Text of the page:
One of the best aspects of travel — and particularly river cruising — is that is presents endless learning opportunities. While traveling home from a Christmas Markets cruise onboard Viking River Cruises’ Viking Freya in December, I had another learning opportunity — and this one concerned flights.
I had booked flights on KLM that would take me from Nuremberg to Amsterdam, then on to Vancouver. The flight from Nuremberg to Amsterdam was just under two hours, followed by a two hour connection at Schiphol airport — probably one of the easiest airports with which to change aircraft.
On paper, it looked perfect: There were no tight 90 or 60-minute connections, and the two-hour layover would give me, I figured, time to spare between flights. Just to be on the safe side though, I changed my seats when I checked in, moving from the rear of the plane to the first row of economy seating.
It turned out to be a wise decision.
In Nuremberg, a massive cold front that would bring plenty of snow by afternoon was just one of many problems compounding our departure. The second issue was that the entire airport’s computerized systems were down, meaning that one agent for the entire flight had to manually check passengers in, and hand-write baggage tags.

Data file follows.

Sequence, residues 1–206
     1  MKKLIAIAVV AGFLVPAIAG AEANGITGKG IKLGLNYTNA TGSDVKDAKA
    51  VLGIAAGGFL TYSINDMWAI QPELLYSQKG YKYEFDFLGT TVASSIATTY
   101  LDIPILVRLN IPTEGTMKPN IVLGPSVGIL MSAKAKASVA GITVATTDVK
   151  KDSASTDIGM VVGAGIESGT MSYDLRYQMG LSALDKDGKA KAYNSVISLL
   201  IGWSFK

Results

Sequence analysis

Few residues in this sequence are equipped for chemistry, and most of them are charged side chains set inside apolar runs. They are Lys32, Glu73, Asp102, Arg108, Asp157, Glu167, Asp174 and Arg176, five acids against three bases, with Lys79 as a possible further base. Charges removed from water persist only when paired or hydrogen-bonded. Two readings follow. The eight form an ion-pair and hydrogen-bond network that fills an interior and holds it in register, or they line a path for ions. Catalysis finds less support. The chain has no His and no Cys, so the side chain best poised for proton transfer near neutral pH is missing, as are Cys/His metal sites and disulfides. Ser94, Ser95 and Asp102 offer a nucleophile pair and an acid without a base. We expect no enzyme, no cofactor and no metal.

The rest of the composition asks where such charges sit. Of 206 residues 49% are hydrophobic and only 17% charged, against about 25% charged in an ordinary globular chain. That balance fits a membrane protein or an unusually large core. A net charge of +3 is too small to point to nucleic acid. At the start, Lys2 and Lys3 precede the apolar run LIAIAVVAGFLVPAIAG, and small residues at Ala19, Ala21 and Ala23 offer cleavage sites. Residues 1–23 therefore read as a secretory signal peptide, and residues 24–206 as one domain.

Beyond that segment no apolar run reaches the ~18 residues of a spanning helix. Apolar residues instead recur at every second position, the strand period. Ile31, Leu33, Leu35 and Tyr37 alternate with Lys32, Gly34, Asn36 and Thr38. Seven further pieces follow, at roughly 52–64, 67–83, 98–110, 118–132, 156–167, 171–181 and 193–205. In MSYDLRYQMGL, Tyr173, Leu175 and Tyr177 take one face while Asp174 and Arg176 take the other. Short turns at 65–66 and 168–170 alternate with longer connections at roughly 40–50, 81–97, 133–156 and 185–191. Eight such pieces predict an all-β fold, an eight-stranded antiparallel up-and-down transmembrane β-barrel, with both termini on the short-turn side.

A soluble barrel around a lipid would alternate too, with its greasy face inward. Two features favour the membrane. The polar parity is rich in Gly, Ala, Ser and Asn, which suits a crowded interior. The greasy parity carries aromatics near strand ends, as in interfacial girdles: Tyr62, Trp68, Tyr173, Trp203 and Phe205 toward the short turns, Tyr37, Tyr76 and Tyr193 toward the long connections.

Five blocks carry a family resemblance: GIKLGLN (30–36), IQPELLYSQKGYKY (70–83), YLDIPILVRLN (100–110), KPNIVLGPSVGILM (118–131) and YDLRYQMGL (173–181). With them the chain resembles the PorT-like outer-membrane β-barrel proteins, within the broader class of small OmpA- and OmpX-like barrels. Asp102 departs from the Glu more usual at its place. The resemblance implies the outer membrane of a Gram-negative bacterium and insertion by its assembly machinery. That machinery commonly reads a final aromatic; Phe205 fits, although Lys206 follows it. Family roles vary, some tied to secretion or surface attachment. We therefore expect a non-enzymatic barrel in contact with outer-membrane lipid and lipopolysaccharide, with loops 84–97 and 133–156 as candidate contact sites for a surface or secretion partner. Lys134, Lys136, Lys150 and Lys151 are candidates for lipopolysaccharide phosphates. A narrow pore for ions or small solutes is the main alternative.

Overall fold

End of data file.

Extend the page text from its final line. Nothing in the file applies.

Our aircraft was a tiny Fokker F70 operated by KLM Cityhopper that could barely hold 80 passengers and yet, after two hours queuing up, I was no closer to dropping my bag off. Web check-in or not, the process was bogging down.
Due to the ongoing computer issues, we took off 80 minutes late, and I watched my 120 minute layover shrink to just 40. This was when Murphy’s Law kicked in and dictated that my arrivals gate should be as far apart from my departure gate as possible.
I ran off the airplane, through Schiphol, and made my flight just as they were going to shut the door. My seatmate must have been thrilled to know that this dishevelled, sweaty, harried looking man would be their companion for the next 10 hours.
So what did I learn? Here’s a few things I changed in the wake of this:
I bought wheeled carry-on luggage. Before, I had a shoulder bag that was convenient, but incredibly difficult to do anything more than a brisk walk with. Now, I can pull my luggage behind me in the event I have to make a “mad dash” across terminals.
I started sitting at the front of the plane. I’ve always been a fan of the rear of the plane (which rarely fills up) or the over-wing sections. Now, I purposely select seats as far forward as possible when I fly with connections under two hours. Changing from 25F to 14A that day allowed me to make my flight.
I read statistics. Look at sites like FlightAware; it will tell you how many instances a particular flight has been delayed or cancelled for any reason. If there are a lot of these, you might want to either give yourself more time or rethink your flight strategy all together.
Take it from me — you don’t want to find yourself running across an airport to make your flight.